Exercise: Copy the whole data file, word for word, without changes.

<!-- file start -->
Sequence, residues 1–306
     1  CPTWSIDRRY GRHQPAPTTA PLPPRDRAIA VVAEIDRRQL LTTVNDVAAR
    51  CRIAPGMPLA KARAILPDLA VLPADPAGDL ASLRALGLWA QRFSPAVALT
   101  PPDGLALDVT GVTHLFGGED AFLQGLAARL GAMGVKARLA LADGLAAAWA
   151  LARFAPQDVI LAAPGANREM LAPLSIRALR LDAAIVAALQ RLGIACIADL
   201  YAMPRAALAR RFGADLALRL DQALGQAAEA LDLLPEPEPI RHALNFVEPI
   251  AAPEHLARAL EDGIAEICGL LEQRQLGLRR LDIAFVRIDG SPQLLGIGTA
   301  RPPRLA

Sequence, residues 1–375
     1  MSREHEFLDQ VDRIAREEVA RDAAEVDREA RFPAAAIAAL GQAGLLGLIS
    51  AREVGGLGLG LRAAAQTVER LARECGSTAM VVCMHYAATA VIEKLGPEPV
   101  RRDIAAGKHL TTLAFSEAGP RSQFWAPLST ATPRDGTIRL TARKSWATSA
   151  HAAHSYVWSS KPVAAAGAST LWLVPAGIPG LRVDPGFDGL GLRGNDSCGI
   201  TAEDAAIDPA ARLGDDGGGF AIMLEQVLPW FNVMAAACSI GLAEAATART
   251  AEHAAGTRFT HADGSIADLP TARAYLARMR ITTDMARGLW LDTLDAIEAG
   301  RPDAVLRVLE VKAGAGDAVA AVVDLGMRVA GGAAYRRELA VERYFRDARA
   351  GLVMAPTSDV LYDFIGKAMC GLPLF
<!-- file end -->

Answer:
Sequence, residues 1–306
     1  CPTWSIDRRY GRHQPAPTTA PLPPRDRAIA VVAEIDRRQL LTTVNDVAAR
    51  CRIAPGMPLA KARAILPDLA VLPADPAGDL ASLRALGLWA QRFSPAVALT
   101  PPDGLALDVT GVTHLFGGED AFLQGLAARL GAMGVKARLA LADGLAAAWA
   151  LARFAPQDVI LAAPGANREM LAPLSIRALR LDAAIVAALQ RLGIACIADL
   201  YAMPRAALAR RFGADLALRL DQALGQAAEA LDLLPEPEPI RHALNFVEPI
   251  AAPEHLARAL EDGIAEICGL LEQRQLGLRR LDIAFVRIDG SPQLLGIGTA
   301  RPPRLA

Sequence, residues 1–375
     1  MSREHEFLDQ VDRIAREEVA RDAAEVDREA RFPAAAIAAL GQAGLLGLIS
    51  AREVGGLGLG LRAAAQTVER LARECGSTAM VVCMHYAATA VIEKLGPEPV
   101  RRDIAAGKHL TTLAFSEAGP RSQFWAPLST ATPRDGTIRL TARKSWATSA
   151  HAAHSYVWSS KPVAAAGAST LWLVPAGIPG LRVDPGFDGL GLRGNDSCGI
   201  TAEDAAIDPA ARLGDDGGGF AIMLEQVLPW FNVMAAACSI GLAEAATART
   251  AEHAAGTRFT HADGSIADLP TARAYLARMR ITTDMARGLW LDTLDAIEAG
   301  RPDAVLRVLE VKAGAGDAVA AVVDLGMRVA GGAAYRRELA VERYFRDARA
   351  GLVMAPTSDV LYDFIGKAMC GLPLF